What is most inspired is the use of make-up and other production materials that transform Cujo from a warm and friendly oaf to a large, involuntarily troubled, physically-affected, easy-to-anger beast of unpredictability. Apart from the occasional mis-edit of the St. Bernard wagging his tail when allegedly in attack mode, Cujo is an effective small town thriller like Fire In The Sky. It's easy for people to cast aspersions on the film and label Cujo as merely a St. Bernard splashed with blood-red jelly, but the transformation is far more gradual and startling. From the painful, cringe-inducing bat bite to the slow process of Cujo sliding away into an abyss of madness, Cujo is an unsettling torment of that which we hold dear. Modest films like Fire In The Sky and Cujo take us into those places that plumb great depths of emotion concentrating on small locations and finite characters. So Cujo may be modest, but Teague generates a surprisingly effective tale whereby the villain, evil embodied in the form of a family pet, creates an astonishing amount of unease and sympathy.
A great portion of the film takes place on Cujo's property while Dee Wallace and her son are trapped in their broken down vehicle. How effective is that? It's tremendously so as it remains the most unforgettable portion of the film.
Apart from the physical transformation of Cujo, there is indeed a smart, believable psychological component as well. At one point, Cujo emerges from the classic Stephen King mists prepared to maul the son of his owner. The boy speaks to Cujo. His voice somehow registers with Cujo who is clearly changing. With faculties still intact Cujo manages to break from the stranglehold of evil long enough to remember. He's changing and it is in this moment we last recognize Cujo before being lost forever. Not quite the monster Cujo walks away into the murky distance. It is a surprisingly affecting moment.
The dog's eye view camera approach generally builds a connection between Cujo and the audience that compounds the sympathetic connection.
An analog phone rings and rings and continues ringing and Cujo is enraged and filled with anxiety and so is the audience. Remember, no voicemail or cell phones. Even the Boy Wonder couldn't believe it.
It wasn't long ago I wrote a brief homage to my favorite cartoon of the 1970s, Battle Of The Planets and an episode called Orion Wonderdog Of Space about a heroic St. Bernard named Orion who aids the fearless G-Force or Science Ninja Team Gatchaman in Japan. Here, our St. Bernard friend takes a decidedly different path through no fault of its own, but rather the unmerciful natural selection of evil to its host. Cujo genuinely captures the mood of malevolence and the supernatural, psychological connection King feeds through his unintended victim.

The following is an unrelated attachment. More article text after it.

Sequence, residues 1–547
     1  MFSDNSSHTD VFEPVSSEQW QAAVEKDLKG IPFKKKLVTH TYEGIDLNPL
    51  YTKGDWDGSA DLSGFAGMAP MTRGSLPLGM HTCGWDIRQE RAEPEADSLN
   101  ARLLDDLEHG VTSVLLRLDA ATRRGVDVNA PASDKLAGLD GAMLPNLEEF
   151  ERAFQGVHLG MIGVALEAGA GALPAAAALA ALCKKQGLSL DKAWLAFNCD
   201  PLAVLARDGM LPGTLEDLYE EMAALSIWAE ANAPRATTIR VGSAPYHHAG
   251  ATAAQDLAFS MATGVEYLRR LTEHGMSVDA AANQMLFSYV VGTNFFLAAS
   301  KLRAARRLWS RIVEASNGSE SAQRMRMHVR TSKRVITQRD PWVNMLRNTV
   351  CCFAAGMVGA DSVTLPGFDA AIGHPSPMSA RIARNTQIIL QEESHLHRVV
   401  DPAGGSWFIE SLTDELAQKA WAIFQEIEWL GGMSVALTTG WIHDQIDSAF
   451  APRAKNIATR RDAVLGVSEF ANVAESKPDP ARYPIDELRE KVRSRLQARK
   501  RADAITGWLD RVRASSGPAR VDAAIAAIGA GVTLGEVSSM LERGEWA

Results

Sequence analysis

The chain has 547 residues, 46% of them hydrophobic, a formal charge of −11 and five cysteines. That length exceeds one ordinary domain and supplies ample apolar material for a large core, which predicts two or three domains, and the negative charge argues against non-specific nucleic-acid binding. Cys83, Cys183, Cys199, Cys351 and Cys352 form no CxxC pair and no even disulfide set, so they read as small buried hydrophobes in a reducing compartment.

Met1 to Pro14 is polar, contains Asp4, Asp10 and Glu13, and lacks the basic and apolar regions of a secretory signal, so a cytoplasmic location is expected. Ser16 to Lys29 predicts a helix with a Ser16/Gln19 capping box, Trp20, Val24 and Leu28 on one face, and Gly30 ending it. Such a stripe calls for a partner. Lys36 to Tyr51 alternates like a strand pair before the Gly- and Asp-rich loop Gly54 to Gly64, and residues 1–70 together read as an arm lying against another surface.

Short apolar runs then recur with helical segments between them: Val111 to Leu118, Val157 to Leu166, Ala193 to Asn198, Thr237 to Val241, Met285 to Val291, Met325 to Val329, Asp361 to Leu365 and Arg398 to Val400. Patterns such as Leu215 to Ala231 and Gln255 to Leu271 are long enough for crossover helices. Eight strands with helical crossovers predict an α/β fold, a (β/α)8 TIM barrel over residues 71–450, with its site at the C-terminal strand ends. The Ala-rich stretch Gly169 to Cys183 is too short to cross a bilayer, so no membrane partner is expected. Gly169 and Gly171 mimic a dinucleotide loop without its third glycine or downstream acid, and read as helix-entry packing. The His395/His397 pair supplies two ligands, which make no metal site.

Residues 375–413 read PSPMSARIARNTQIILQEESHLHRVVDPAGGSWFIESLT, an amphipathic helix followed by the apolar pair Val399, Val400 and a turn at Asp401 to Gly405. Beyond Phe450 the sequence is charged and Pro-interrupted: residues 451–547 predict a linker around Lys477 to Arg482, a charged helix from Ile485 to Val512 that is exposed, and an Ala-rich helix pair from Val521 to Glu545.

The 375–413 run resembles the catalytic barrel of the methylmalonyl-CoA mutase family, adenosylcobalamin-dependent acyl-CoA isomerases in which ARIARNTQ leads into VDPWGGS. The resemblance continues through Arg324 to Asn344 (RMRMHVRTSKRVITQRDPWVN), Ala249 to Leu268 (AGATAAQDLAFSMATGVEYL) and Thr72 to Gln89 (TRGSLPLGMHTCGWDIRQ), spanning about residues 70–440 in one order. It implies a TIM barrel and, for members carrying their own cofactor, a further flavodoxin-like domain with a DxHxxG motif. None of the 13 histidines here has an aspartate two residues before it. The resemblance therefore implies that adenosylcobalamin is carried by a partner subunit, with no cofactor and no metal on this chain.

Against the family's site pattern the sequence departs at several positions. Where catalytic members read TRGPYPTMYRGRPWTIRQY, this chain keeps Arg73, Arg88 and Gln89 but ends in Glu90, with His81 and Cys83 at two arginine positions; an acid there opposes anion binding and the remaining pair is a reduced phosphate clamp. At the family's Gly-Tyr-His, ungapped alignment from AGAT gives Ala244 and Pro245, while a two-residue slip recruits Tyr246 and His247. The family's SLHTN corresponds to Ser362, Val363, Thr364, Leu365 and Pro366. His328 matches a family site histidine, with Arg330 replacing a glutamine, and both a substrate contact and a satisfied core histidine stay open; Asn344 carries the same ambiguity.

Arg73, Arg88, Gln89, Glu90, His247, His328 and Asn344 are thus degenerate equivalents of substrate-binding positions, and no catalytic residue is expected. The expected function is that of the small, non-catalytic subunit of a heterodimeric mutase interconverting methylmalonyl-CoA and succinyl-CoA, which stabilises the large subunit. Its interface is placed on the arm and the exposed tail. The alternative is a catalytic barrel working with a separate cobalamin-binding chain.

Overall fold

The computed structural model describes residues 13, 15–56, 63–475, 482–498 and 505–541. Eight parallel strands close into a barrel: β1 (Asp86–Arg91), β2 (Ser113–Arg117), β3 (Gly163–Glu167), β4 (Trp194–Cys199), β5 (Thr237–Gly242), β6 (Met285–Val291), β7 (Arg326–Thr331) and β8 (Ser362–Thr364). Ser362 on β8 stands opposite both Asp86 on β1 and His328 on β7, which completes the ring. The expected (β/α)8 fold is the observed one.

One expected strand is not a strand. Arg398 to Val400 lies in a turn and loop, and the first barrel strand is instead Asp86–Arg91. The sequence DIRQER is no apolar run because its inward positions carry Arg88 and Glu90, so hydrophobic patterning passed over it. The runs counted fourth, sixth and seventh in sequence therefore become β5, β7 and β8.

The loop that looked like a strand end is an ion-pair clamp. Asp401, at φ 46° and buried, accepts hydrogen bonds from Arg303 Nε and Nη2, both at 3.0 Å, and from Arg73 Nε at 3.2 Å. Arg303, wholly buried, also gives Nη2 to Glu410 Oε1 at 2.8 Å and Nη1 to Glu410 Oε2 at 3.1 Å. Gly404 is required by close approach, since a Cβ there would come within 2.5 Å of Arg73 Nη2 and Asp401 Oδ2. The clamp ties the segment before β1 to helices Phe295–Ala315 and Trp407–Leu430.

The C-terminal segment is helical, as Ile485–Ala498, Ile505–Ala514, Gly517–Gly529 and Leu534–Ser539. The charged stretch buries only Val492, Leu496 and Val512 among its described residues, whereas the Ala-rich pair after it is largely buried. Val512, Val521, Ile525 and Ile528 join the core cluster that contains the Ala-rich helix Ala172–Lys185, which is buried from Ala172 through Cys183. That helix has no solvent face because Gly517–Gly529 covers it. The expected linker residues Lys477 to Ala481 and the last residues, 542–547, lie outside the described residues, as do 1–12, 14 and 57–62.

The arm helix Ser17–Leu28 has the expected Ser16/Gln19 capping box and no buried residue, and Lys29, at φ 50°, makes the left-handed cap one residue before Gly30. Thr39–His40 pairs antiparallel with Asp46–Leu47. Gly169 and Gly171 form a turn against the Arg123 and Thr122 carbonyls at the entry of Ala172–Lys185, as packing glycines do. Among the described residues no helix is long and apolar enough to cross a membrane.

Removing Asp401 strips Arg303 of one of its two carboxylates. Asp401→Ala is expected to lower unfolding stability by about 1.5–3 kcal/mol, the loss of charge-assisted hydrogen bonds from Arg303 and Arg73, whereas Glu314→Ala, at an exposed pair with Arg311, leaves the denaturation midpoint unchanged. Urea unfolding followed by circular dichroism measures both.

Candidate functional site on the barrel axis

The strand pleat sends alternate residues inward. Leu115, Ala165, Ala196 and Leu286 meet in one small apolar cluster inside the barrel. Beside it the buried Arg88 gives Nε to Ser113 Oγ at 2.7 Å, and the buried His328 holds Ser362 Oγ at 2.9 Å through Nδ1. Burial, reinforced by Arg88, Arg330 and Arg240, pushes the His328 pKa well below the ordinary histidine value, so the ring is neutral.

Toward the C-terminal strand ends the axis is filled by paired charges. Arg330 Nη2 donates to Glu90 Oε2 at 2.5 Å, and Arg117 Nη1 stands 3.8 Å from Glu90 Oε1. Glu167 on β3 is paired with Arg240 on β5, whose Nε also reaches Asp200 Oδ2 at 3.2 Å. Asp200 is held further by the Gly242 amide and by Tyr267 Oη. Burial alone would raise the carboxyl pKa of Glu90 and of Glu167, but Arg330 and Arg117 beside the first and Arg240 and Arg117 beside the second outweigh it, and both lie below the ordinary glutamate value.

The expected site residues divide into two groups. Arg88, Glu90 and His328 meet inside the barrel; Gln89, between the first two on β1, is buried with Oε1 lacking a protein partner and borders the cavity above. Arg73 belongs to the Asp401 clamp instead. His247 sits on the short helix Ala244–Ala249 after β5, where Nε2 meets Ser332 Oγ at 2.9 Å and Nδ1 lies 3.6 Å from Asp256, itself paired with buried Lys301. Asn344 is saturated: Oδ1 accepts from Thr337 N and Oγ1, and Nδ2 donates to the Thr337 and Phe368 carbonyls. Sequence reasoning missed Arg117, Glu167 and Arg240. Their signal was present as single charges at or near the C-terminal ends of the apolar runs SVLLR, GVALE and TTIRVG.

The sound effects and the score by Charles Bernstein coupled with the intimate camera work bring this unnerving tale to life. It may be more overtly sad than terrifying, but Cujo has bite decades after it was infected not because of the blood and gore popular with today's horror, but because of the dramatic tension and the situational terror delivered by its inhuman and human cast of the film and the effective siege story by man's best friend. And of course, like Spielberg, King does for dogs with the fiction of Cujo what the former did for sharks and the ocean with Jaws. Cujo is a name instantly recognizable with dog violence and canine terror just as Jaws is instantly recalled whenever we wade into water. If that isn't effective material I don't know what is.
Documentary data: Dog Days: The Making Of Cujo. The producer, Daniel Blatt, and Stephen King both had Lewis Teague in mind to direct, but he was not chosen first due to studio pressures. Teague, with the re-writes, made every effort to make an abridged version of the novel. Of course, the ending of the book is far darker. King has said he would have preferred an ending like the one found in the film here. He said that about Frank Darabont's The Mist too. King's biographer points out, with the book and the film, that he is able to "have it both ways." King conveyed his feeling about the ending in the book to Teague before filming.
The number of Cujos utilized for the film seems to differ depending on who answers too. It ranged anywhere from five to seven dogs [Moe was the most popular]. Fortunately, again, there was no CGI, but there was a man with a St. Bernard suit and a mechanical St. Bernard head. Of course, I love Godzilla too. It all makes complete sense.